WASHINGTON — In the last five years, U.S. companies sold Iraq--with government approval--advanced items ranging from computers to aircraft to bacteria, a government document released Monday showed.
The Commerce Department released an edited list that showed the U.S. government approved $1.5 billion in dual-use exports to Iraq from 1985 to last Aug. 2, the day Iraqi troops invaded Kuwait. Dual-use items have legitimate commercial uses but can also be applied to weapons production.
"These were all legal sales, and they were a reflection of this nation's foreign policy," said a Bush Administration official, speaking on the condition of anonymity, at a briefing for reporters.
Asked if the technology could have been used by Iraqi President Saddam Hussein's forces in the Persian Gulf War, the official said, "There is a good possibility that some of the items might illegally or covertly have been diverted to the military establishment."
While the United States approved 771 export licenses to Iraq, 362 others, valued at $469 million, were rejected, according to a Commerce Department statement.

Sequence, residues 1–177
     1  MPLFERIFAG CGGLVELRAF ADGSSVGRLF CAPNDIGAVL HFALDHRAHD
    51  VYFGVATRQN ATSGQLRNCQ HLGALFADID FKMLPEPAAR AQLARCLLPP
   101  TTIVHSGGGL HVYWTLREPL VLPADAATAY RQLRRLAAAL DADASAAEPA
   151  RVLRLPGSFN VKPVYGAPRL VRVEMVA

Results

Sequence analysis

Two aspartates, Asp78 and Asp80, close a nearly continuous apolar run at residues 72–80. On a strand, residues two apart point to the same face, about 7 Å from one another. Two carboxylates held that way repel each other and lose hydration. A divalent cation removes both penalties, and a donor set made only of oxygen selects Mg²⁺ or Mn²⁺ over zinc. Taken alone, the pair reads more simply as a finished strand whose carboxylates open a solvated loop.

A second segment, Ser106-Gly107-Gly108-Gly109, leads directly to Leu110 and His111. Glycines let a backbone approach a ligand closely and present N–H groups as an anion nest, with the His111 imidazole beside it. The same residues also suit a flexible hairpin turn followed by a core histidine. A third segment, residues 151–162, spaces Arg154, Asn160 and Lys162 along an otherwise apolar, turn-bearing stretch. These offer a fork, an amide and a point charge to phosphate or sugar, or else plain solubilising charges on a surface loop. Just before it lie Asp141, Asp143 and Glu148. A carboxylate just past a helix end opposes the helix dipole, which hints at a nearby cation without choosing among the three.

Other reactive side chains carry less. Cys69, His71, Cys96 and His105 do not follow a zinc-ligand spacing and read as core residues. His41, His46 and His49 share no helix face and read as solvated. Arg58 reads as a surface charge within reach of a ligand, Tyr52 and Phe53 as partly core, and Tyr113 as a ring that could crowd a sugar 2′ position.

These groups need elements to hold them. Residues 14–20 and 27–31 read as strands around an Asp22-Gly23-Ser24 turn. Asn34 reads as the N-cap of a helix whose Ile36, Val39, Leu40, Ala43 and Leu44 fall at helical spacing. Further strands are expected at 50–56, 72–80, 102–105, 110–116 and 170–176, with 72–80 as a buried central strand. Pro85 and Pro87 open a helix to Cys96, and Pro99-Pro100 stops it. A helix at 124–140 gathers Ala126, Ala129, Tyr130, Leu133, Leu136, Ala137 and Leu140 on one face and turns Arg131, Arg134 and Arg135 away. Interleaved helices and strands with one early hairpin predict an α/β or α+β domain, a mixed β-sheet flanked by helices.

The list does not name the U.S. companies selling items but does specify the Iraqi purchasers--including the Defense and Interior ministries, air force, atomic energy commission and several universities and scientific institutes. Many of these were bombed by the allies during the war because they were believed to be producing biological and chemical weapons.
The largest sales were of computers and aircraft. They included $8.7 million worth of computers sold to the Interior Ministry, allegedly for its personnel database, and $9 million worth of helicopters and engines, allegedly to be used to transport government officials.
An additional $8.2-million helicopter sale was earmarked specifically for the use of Hussein.
One aircraft order worth $13 million went to Iraqi Airways, while the Communications Ministry paid nearly $17 million for helicopters it said were to be used for spraying crops.
Commerce Department officials said that not all of the goods approved for sale got to Iraq. For example, they said that three sales of military trucks, totaling $1 billion, were approved but were not consummated because Iraq could not get adequate financing.
Last week, the White House announced new regulations on the export of materials that could be used to produce deadly chemical and biological weapons and on missile-delivery systems.